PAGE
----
As we enter the last full month of summer, when many are already looking forward to the return to the more normal routines of autumn, regulatory obligations for broadcasters don’t end. Even if you are trying to squeeze in that last-minute vacation before school begins or other Fall commitments arise, there are filing deadlines this month, as well as comment deadline in an FCC proceeding dealing with broadcasters’ public inspection file obligations. Some of the August regulatory obligations are routine, others are new – but broadcasters need to be aware of them all.
On the routine side of things, by August 1, EEO Public Inspection File Reports need to be placed in the public inspection files of radio and TV stations in California, Illinois, North Carolina, South Carolina, and Wisconsin, if those stations are part of an Employment Unit with five or more full-time employees. For Radio Station Employment Units with 11 or more full-time employees in Illinois and Wisconsin and Television Employment Units with five or more full-time employees in North Carolina and South Carolina, FCC Form 397 Mid-Term Reports need to be submitted to the FCC by August 1. These Mid-Term Reports provide the FCC with your last two EEO public file reports, plus some additional information. In the past, they have sometimes triggered more thorough EEO reviews and, in some cases, even fines. Yesterday, we wrote about the kinds of issues that can get a broadcaster into trouble when the FCC looks at your EEO performance, so be sure to stay on top of your EEO obligations. We wrote more about the Form 397 Mid-Term Reports, here.…
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FCC Proposes to Eliminate Public File Obligations – No More Letters from the Public for Broadcasters, No Cable Headend Information for Cable Systems?
At its open meeting earlier this week, the FCC adopted a Notice of Proposed Rulemaking proposing changes to the public file rules for both broadcasters and cable systems. For commercial broadcasters, the FCC proposed to eliminate the requirement that they include in their public file copies of letters and emails to the station concerning station operations. For cable systems, the FCC proposed to eliminate the obligation to include in their file documents disclosing the location of their headend. What do these proposals mean for broadcasters?
Most of the broadcaster focus has been on the proposal to delete the obligation that commercial broadcasters keep a correspondence folder in their public inspection file for letters and emails from the public commenting on the operation of the station (the requirement has never applied to noncommercial broadcasters). Those files are supposed to contain, in a physical file at their main studio, all of the correspondence that stations receive from viewers or listeners (allowing broadcasters to omit correspondence that listeners asked to be kept private, and correspondence that contains offensive material). For TV stations that have already converted to an online public file for all of their other public file documents, and for radio stations who will soon be doing so (see our posts here and here on the upcoming obligation of radio to convert to an online public file), these letters will be the only remnant of the public file that must still be maintained at the main studio. The FCC tentatively concluded that the obligation to keep these letters and emails was no longer necessary.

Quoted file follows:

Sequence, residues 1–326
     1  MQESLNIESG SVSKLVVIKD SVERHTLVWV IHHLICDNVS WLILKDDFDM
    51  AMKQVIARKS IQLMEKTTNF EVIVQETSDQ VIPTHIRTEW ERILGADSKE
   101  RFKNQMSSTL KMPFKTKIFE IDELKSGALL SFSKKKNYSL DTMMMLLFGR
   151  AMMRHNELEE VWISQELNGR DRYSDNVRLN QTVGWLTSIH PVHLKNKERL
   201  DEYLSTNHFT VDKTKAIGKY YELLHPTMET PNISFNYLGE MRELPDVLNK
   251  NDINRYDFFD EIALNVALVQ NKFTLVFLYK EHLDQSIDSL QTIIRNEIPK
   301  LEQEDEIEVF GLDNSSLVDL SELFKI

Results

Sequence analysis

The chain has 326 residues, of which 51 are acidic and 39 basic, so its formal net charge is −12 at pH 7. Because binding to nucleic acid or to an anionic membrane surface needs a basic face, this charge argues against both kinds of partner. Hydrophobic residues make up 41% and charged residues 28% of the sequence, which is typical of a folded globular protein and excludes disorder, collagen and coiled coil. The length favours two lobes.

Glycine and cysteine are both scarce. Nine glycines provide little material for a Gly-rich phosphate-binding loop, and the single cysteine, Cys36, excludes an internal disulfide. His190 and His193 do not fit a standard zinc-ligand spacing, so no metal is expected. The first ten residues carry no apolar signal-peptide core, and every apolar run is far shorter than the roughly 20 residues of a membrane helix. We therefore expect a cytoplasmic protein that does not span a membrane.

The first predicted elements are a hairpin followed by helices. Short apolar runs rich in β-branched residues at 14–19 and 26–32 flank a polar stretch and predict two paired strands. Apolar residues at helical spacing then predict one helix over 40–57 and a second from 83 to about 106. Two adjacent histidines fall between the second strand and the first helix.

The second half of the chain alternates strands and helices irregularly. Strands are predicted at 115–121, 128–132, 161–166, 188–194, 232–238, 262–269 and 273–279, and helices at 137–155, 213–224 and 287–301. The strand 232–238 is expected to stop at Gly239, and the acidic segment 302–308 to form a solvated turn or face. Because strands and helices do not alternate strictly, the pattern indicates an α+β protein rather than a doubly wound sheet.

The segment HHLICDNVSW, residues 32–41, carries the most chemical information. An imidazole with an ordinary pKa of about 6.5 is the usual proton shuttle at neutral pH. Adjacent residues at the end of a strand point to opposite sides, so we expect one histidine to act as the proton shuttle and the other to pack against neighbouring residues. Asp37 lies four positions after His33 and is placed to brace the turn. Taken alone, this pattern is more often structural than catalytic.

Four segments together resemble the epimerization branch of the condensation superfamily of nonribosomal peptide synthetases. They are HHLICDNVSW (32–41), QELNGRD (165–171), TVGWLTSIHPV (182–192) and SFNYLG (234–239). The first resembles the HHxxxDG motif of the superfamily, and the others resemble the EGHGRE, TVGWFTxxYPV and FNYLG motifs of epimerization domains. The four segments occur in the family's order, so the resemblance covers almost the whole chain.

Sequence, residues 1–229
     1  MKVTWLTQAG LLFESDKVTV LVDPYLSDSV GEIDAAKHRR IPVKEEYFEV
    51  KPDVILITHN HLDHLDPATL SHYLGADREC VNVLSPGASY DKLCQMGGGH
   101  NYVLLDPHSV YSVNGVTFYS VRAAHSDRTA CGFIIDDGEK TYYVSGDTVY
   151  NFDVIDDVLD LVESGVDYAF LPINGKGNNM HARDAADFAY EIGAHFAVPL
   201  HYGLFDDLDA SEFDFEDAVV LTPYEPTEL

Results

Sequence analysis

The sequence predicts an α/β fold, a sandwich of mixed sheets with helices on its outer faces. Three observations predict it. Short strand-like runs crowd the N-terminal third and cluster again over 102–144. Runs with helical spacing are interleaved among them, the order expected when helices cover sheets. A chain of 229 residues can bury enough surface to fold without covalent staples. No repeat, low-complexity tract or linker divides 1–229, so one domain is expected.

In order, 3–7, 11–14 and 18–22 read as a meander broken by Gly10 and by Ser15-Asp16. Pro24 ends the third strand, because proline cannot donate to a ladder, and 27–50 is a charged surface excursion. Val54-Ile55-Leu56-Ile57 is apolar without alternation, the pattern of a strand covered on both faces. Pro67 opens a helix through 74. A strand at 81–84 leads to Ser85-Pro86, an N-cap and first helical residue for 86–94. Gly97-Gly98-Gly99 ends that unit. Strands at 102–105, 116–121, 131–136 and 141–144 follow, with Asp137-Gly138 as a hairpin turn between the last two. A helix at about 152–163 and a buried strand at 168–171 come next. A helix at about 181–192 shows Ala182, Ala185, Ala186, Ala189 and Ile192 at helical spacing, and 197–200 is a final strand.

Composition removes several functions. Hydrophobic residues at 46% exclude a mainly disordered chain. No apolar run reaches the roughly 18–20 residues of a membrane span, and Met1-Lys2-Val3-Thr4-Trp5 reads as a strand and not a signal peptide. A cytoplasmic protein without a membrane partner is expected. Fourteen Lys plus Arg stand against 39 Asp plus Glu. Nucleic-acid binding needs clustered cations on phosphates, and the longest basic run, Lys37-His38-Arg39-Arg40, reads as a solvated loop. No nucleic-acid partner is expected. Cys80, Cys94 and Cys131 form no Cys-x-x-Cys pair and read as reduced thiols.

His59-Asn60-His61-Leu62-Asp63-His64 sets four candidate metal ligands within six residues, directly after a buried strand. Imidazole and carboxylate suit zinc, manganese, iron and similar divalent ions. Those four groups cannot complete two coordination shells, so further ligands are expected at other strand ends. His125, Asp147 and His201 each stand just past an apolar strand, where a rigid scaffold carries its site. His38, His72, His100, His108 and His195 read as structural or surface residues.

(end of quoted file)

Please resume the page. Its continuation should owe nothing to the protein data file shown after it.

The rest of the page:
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FCC To Consider Abolition of Requirement that Broadcasters Maintain Letters From the Public in their Public Files – Moving Toward the End of the Physical Public File?
Yesterday, the FCC announced its agenda for its May open meeting to be held on May 25. Among the items on the agenda is a proposal to adopt a Notice of Proposed Rulemaking looking to abolish the obligation that broadcasters maintain in their public files copies of letters and emails from the general public about station operations. These letters are the last vestige of the physical public file for TV broadcasters who several years ago migrated the rest of their public file to an online system maintained by the FCC (see our summary of the TV online public file obligations here). The letters from the public were deemed too sensitive to put online, as they could reveal private information about the writers of those letters. Thus TV stations must still maintain a paper file at their main studio. Radio broadcasters too will soon be moving their public files online. In the order adopting the requirement for an online public file for radio (see our summary here), the FCC proposed that the same paper system for letters from the public be maintained. However, it did note that there were calls to abandon entirely the requirement to maintain these letters in a separate file, and promised to initiate this rulemaking to look at that issue.
Commissioner O’Rielly has been a major proponent of that change, tying the issue to one of the security of broadcast stations and personnel. In his concurring statement to the Online Public File order, he noted that the abolition of the requirement that broadcasters maintain these letters from the public would eliminate the need for many broadcasters to open their stations to all comers who enter on the pretext of inspecting the public file. In a blog post, he noted the need for security at broadcast stations. The recent events at Sinclair’s Baltimore TV station, where an individual with emotional or mental issues triggered a police shoot-out at the station, and last year’s tragedy involving the Roanoke TV crew, highlighted the very real threats to safety that broadcasters face every day. Minimizing these threats by removing one pretext for people to enter broadcast studios unchallenged is an important consideration in these deliberations.